The easiest homemade gnocchi recipe — made with just 4 main ingredients in 20 minutes (no potatoes required!), and just as light and delicious as ever!
- Prep the water: Bring a large stockpot of generously-salted water to a boil over high heat.
- Drain the ricotta: While your water is heating, place 3-4 paper towels on a large plate and spread the ricotta on the paper towels in an even layer. Place another layer of 3-4 paper towels on top of the ricotta. Then press down gently to let the excess moisture soak into the paper towels, trying to soak up as much of the excess liquid as possible. Transfer the ricotta to a large mixing bowl. (If it sticks to the paper towels, just use a rubber spatula to scrape it off.) The drained ricotta should now weigh about 12 ounces.
- Mix your dough ingredients. Add the egg yolks to the ricotta and stir briefly to combine. Add in the flour, Parmesan, salt and pepper, and stir until evenly combined. Avoid over-mixing. The dough will be a bit moist and maybe a bit sticky, but it should be holding together well. If it feels too wet, just add in another few tablespoons of flour.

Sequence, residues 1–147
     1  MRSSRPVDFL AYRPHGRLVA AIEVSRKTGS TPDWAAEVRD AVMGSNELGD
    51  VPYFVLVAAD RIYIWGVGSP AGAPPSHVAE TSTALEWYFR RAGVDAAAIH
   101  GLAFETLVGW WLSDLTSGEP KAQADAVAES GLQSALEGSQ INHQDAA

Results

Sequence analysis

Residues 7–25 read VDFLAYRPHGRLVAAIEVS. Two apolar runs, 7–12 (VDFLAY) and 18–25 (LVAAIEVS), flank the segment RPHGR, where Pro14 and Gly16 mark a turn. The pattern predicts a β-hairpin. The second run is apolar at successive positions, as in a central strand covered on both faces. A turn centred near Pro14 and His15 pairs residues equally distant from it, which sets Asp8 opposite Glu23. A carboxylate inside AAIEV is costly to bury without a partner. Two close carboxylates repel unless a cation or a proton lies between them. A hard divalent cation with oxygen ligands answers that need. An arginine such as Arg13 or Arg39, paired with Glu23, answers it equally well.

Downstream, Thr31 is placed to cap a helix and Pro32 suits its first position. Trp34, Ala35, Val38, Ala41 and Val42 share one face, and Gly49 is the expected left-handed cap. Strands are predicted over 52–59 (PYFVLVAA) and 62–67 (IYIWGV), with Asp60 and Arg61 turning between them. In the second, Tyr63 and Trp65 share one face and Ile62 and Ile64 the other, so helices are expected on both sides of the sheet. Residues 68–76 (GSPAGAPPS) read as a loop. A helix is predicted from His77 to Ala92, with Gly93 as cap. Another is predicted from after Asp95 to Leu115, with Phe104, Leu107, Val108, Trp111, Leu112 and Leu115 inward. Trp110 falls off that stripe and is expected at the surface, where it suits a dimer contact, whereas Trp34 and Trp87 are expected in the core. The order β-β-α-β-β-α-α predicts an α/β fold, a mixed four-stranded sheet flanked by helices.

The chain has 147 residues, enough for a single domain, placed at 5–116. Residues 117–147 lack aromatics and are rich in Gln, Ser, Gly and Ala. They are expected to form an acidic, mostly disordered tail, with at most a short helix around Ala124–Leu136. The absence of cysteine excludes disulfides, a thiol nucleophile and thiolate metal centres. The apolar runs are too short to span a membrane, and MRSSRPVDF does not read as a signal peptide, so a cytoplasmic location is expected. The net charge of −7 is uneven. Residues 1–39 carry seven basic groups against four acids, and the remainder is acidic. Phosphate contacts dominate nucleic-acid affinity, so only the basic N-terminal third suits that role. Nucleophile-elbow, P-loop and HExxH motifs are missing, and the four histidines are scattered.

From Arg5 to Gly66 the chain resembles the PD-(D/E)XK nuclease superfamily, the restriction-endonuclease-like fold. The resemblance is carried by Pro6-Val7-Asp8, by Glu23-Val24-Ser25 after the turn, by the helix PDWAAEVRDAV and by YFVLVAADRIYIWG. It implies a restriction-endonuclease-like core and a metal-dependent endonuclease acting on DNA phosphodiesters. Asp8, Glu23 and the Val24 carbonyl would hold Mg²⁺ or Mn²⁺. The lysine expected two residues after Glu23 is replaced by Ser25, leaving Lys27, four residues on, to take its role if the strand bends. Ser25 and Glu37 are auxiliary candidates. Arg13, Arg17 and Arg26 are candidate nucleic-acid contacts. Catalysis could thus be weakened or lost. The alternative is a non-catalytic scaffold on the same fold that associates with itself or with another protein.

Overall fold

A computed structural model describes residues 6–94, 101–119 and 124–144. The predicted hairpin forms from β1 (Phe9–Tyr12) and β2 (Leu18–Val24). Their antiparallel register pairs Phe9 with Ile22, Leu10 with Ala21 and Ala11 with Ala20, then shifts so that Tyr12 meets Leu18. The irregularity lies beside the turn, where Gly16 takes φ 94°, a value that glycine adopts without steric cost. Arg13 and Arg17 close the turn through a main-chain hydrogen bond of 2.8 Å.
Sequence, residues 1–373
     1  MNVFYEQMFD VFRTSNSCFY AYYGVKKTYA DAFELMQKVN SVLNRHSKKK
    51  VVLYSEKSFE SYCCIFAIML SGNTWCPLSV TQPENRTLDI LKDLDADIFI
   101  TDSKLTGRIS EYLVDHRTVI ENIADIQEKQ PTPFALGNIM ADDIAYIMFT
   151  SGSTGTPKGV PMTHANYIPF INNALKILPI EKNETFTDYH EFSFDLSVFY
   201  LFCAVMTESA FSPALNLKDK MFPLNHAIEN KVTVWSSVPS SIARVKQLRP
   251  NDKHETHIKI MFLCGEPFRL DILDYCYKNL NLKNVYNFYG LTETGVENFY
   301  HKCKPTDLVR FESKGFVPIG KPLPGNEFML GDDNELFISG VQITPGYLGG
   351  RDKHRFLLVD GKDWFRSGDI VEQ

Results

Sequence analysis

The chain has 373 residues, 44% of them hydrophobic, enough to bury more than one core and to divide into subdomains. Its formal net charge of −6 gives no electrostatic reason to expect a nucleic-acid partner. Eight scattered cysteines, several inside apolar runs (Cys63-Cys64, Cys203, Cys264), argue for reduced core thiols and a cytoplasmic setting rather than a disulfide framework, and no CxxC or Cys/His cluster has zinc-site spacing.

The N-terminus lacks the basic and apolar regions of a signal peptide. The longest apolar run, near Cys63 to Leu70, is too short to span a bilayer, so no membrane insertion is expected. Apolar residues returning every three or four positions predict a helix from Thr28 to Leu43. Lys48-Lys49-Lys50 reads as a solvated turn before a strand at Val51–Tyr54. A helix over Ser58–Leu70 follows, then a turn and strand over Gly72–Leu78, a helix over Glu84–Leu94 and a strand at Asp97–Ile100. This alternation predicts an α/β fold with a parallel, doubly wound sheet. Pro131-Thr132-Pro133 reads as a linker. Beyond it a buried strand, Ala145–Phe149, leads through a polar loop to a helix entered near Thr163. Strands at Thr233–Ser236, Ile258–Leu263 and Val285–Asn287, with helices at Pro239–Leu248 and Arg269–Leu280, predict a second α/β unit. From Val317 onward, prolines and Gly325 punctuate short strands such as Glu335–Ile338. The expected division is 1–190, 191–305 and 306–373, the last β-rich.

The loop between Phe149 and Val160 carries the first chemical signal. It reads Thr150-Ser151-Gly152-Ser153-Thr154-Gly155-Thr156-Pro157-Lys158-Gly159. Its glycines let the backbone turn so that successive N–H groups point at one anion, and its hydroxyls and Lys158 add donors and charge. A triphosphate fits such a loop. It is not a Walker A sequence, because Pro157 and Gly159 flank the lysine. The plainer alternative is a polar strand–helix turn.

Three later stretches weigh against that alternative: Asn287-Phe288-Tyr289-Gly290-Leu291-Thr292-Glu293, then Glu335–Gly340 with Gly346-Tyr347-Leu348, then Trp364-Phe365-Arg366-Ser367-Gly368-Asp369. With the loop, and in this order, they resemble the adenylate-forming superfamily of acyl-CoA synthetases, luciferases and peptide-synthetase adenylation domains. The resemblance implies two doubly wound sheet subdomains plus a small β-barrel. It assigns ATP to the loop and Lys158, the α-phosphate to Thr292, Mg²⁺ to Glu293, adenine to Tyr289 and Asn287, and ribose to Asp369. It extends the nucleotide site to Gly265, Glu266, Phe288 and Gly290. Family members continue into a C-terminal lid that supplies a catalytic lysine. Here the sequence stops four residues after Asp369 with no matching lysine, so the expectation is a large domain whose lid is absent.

- Roll out and cut the dough. Shape the dough into a round disk with your hands, then transfer it to a lightly-floured cutting board and sprinkle the dough with lightly with flour. Using a knife or a bench scraper, cut the dough into eight even pie wedges. Using your hands, gently roll out each wedge out into an even log, approximately 3/4-inch wide. Cut each log into individual bite-sized little gnocchi squares. Lightly dust the gnocchi with flour once more and give them a quick toss so that they are all lightly coated with flour. (This will help prevent them from sticking together.)
- Boil the gnocchi. Carefully transfer the gnocchi to the boiling water to cook. Then once they float — usually after 30 seconds or so — drain the gnocchi.
- Serve. Serve immediately, tossed with your favorite sauce and whatever other ingredients sound good!
*I really recommend weighing your flour for accuracy. But if you are using a measuring cup, just be sure to use the scoop the flour into the measuring cup (versus scooping the measuring cup into the flour) to ensure that you don’t accidentally use too much flour.
Recipe slightly adapted from Serious Eats.